“What’s good for people is good for business,” noted Rachel Hodgdon, president and CEO of the International Well Building Institute at Tuesday’s symposium. The institute is a third-party rating system that issues WELL certification for buildings, accounting for elements including air, water, light, thermal comfort, sound and materials—resulting not only in improved mental health and overall workplace satisfaction for employees, but in a significant rise in annual gains and S&P 500 appreciation for companies, Hodgdon said. 

In its new report, GWI finds that interest in such wellness certifications has risen rapidly in recent years, with the total number of wellness-certified building projects increasing by more than 40-fold from 2017 to 2023, when there were over 3,300 certified projects by WELL and Fitwel, another major third-party rating system, around the world. Over 55% of these certifications are in the United States, with the majority of the certifications going to office/commercial, hospitality, and retail properties. 

Healthy indoor air quality is also becoming an essential feature—a welcome shift, according to Joseph Allen, associate professor at Harvard’s T.H. Chan School of Public Health and director of Harvard’s Healthy Buildings Program, who says it has long been a “glaring hole” in what constitutes wellness. 

“We’ve been in the sick building era for 40 years,” said Allen at Tuesday’s symposium. “We have not had health as our north star in the way we operate and maintain our buildings… But things are changing, and changing very fast.” That’s largely due to “new technologies that let us take the pulse of our buildings and indoor air quality,” he explained, referring to low-cost air-quality sensors that are changing the game, with individuals using them to pressure companies “because of the awareness created by COVID that indoor air quality matters.”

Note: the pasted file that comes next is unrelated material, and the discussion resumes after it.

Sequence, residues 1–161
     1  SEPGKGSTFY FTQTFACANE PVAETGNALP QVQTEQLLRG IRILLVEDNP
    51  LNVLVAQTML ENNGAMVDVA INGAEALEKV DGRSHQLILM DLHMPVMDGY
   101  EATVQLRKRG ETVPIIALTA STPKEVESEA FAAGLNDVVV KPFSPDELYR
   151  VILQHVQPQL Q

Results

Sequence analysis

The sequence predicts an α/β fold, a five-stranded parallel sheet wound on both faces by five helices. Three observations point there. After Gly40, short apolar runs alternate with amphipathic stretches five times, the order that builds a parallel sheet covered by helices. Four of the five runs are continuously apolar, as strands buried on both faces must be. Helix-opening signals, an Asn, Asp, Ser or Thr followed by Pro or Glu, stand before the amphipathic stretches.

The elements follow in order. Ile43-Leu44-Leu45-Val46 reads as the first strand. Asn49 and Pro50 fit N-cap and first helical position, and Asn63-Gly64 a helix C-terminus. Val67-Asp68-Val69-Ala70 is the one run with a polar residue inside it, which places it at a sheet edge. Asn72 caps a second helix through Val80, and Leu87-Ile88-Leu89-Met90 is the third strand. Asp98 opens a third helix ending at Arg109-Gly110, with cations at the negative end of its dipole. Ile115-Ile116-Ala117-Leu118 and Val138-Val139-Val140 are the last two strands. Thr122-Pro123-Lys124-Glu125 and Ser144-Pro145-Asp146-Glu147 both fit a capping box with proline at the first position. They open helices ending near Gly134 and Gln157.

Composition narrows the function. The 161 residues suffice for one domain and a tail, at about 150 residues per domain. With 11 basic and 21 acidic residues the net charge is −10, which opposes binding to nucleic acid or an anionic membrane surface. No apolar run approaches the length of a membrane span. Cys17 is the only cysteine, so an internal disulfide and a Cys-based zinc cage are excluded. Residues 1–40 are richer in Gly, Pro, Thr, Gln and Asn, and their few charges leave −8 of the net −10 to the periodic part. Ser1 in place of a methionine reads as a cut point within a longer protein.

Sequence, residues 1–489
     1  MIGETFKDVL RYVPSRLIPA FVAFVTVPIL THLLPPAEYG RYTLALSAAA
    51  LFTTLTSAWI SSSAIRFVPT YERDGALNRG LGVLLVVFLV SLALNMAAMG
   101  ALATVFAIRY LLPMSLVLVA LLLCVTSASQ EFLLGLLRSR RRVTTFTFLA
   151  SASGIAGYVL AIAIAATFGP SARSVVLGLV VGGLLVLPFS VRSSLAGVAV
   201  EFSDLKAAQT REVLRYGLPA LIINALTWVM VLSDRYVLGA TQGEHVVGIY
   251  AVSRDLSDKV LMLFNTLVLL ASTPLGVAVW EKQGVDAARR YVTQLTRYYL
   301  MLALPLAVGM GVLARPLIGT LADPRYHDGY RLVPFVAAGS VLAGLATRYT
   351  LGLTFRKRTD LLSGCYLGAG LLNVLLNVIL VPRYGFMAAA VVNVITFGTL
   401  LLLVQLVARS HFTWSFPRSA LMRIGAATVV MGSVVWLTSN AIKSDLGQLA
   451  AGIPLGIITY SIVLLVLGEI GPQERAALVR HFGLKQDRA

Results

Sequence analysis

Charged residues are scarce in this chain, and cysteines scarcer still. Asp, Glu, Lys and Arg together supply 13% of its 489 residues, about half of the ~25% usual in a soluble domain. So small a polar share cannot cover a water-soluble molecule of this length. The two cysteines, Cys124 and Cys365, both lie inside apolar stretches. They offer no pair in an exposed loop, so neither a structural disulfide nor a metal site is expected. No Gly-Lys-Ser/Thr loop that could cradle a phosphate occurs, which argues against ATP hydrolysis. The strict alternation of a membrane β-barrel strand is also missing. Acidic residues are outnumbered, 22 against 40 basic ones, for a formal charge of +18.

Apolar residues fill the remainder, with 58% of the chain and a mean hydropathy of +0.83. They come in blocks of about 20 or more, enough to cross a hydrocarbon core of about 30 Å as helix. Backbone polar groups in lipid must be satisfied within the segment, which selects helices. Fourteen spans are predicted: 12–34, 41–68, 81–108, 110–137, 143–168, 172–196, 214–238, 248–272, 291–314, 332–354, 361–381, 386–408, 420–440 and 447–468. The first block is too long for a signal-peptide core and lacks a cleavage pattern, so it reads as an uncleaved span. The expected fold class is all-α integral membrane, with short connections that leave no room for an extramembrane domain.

At the more glamorous end, real estate wellness comprises luxury, health-driven technologies—measuring real-time wellness, for example, by equipping homes with smart versions of everything from refrigerators and stove tops to beds and toilets, as explained by Dr. Helen Messier of Fountain Life, which focuses on technology for prevention. 

Other wellness trends in real estate called out by the report include:

  • Pro-social design features to encourage spontaneous social interactions and combat loneliness and isolation. 
  • Workspaces becoming healthier, equipped with wellness design and features, to entice people to come back to the office after years of working remotely. 
  • Luxury properties including wellness features and healthy design to the point of being “nearly ubiquitous.”

Finally, there’s been a demand for “retreat style” wellness living—whether for young professionals or families, as with new super-high-end SHA residences in Mexico, Spain, and the Emirates, featuring nutrition and mind-body pavilions, or seniors, as with Mather residences. There, wellness is infused into the design as well as the programming, including breathwork sessions, beekeeping workshops, guided meditations, and Pilates reformers. And that, noted Mather president and CEO Mary Leary at Tuesday’s symposium, “is a far cry from shuffleboard.”